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First Report of a Leaf Spot Disease of Golden Dewdrop (Duranta erecta) Caused by Pseudomonas cichorii and a Xanthomonas Species in Florida

June 2013 , Volume 97 , Number  6
Pages  836.2 - 836.2

R. L. Gumtow, A. A. Khan, A. M. Bocsanczy, and J. M. F. Yuen, Department of Plant Pathology, University of Florida-IFAS, Mid-Florida Research and Education Center, 2725 Binion Rd., Apopka, FL 32703; A. J. Palmateer, Tropical Research and Education Center, Homestead, FL 33031; and D. J. Norman, Department of Plant Pathology, University of Florida-IFAS, Mid-Florida Research and Education Center, 2725 Binion Rd., Apopka, FL 32703

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Accepted for publication 11 January 2013.

Duranta erecta (Verbenaceae) is used extensively in southern states as an ornamental shrub and has replaced boxwood as the most common short hedge accenting flower beds. Over the past 2 years, during warm wet periods, dark necrotic leaf spots have been observed on golden dewdrop plants in Florida. Isolations from these spots on Difco nutrient agar (NA) consistently yielded two types of bacterial colonies that were not always simultaneously present: 1) round butyrous, bright yellow and 2) flat cream-colored. Both were 2 mm in size after 48 h, gram-negative, and produced a hypersensitivity reaction (HR) on tobacco cv Hicks. Yellow colony bacteria were oxidase negative and non-fluorescent on King's medium B (KMB) (1). Cream-colored colony bacteria were oxidase positive and fluorescent on KMB. Three isolates of both types were selected for further study. Partial 16S rDNA sequencing and fatty acid analysis (FAME) MIDI Microbial Identification System (Microbial ID, Inc., Newark, DE) were used for identification of strains. The 16S rDNA primers used were; forward primer AMB14 5′-TCCAGCAATGCCGCGTGTGT-3′ and reverse primer AMB13 5′-CATCCACCGCTTGTGCGGGT-3′. The PCR program consisted of an initial denaturing cycle of 95°C for 2 min followed by 30 cycles of denaturing at 95°C for 30 s, annealing at 60°C for 40 s and extension at 72°C for 1 min and one final extension at 72°C for 10 min. Using FAME analysis, the three strains of the cream-colored colony type were identified as Pseudomonas cichorii with high similarity values (0.907, 0.961, 0.819) and this corresponded well with the 16S rDNA sequences where 99% sequence identity was observed with P. cichorii strain JBC1 16S ribosomal RNA gene, partial sequence GenBank Accession No. JF951725. Two of the three yellow colony strains were identified by MIDI FAME profiles as Xanthomonas axonopodis pv. manihotis with similarity coefficients of 0.767 and 0.826. The third strain had a low similarity match to X. a. pv. carotae (0.541). The 16S rDNA sequencing of these strains showed 98% sequence identity to X. citri subsp. citri strain SA1 16S ribosomal RNA gene only, partial sequence identity JQ890091.1, thus indicating a possible undescribed X. axonopodis pathovar. To satisfy Koch's postulates, three golden dewdrop ‘Golden Mound’ plants were sprayed with a suspension of 108 CFU/ml of a 2-day NA culture of each strain, bagged for 24 h to raise humidity, and placed in a greenhouse. A strain of P. cichorii (P409) isolated from chrysanthemum was used as a positive control when comparing cream-colored strains. A saline buffered control was used as a negative control. Within 3 weeks, leaf spots developed on plants sprayed with each of the six strains, including positive control strain of P. cichorii. Reisolations yielded the same type of colony as the originally inoculated strain. Inoculation experiments were repeated three times with a minimum of three plants per isolate with similar results. To our knowledge, this is the first report in the United States of bacterial leaf spot caused by P. cichorii and X. axonopodis on golden dewdrop. An earlier morphological and physiological description of a Xanthomonas sp. was done on Duranta in India in 1962 (2). Due to the difficulty in controlling bacterial diseases and the popularity of Duranta spp. in the landscape, these diseases may present a problem in ornamental trade.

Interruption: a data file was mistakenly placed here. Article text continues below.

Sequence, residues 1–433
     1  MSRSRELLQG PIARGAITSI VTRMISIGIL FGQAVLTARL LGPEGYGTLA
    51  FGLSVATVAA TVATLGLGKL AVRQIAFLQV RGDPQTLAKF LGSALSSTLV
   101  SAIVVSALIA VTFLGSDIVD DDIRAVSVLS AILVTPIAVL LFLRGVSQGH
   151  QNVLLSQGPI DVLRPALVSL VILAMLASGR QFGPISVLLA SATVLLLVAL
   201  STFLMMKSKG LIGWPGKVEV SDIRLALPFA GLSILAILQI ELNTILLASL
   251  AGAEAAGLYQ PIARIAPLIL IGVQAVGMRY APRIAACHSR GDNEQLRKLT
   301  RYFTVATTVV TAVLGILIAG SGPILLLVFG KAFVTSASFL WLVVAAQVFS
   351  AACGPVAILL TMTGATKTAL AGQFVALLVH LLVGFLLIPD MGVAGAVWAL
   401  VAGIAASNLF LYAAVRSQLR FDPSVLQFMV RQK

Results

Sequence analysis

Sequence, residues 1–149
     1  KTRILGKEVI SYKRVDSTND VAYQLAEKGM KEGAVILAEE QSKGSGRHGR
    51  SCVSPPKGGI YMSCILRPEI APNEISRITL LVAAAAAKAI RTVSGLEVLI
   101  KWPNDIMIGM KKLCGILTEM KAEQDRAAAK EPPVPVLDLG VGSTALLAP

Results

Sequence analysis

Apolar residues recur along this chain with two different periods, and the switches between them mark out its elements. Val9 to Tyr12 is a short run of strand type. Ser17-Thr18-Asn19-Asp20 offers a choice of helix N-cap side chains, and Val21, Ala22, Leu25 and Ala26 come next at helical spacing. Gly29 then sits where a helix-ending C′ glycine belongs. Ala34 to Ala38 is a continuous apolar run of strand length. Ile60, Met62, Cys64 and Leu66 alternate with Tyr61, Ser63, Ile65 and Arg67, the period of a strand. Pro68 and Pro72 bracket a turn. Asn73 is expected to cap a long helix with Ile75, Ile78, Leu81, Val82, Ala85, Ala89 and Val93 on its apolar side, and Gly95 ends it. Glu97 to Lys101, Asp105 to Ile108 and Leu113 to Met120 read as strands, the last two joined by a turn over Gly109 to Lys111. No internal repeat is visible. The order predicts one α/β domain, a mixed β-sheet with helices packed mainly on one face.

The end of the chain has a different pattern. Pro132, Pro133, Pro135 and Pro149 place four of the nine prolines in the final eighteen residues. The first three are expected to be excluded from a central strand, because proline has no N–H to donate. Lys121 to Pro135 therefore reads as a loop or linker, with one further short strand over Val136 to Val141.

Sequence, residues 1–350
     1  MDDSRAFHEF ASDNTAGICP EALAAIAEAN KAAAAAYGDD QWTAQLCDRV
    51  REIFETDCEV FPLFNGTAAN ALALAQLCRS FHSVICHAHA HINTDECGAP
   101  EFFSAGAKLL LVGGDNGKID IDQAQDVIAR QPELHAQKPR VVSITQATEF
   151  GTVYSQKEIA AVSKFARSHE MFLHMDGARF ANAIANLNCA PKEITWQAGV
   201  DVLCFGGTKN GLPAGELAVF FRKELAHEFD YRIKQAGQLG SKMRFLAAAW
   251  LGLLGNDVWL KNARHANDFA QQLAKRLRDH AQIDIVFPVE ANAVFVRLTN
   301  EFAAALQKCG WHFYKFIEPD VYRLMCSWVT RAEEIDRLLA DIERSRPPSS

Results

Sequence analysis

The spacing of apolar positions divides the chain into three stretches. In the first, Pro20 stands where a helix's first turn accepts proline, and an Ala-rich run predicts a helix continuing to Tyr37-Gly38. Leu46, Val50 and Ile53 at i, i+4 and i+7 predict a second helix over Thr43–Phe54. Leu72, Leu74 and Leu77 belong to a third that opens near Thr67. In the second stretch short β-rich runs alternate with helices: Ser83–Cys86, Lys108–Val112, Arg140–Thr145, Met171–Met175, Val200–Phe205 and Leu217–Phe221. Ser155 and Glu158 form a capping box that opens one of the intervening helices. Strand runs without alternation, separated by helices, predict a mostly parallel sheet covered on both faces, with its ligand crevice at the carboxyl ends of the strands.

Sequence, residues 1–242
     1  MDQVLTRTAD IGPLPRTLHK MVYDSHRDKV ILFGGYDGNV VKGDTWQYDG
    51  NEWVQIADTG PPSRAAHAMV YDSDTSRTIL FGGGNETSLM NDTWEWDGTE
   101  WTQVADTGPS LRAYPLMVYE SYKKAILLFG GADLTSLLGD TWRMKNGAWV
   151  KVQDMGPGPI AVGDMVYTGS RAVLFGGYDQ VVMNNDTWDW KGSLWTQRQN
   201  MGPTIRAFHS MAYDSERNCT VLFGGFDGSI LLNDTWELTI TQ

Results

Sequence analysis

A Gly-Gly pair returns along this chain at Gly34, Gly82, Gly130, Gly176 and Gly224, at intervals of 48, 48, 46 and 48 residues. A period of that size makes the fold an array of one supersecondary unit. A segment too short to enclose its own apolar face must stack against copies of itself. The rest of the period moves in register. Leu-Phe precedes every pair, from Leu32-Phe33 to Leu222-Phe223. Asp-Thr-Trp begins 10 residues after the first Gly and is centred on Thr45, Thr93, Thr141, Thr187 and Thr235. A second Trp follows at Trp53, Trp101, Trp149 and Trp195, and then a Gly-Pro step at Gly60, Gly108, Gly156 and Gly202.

References: (1) E. O. King et al. J. Lab. Clin. Med. 44:301, 1954. (2) M. C. Srinivasan et al. Proc. Indian Acad. Sci. 56:88, 1962.

© 2013 The American Phytopathological Society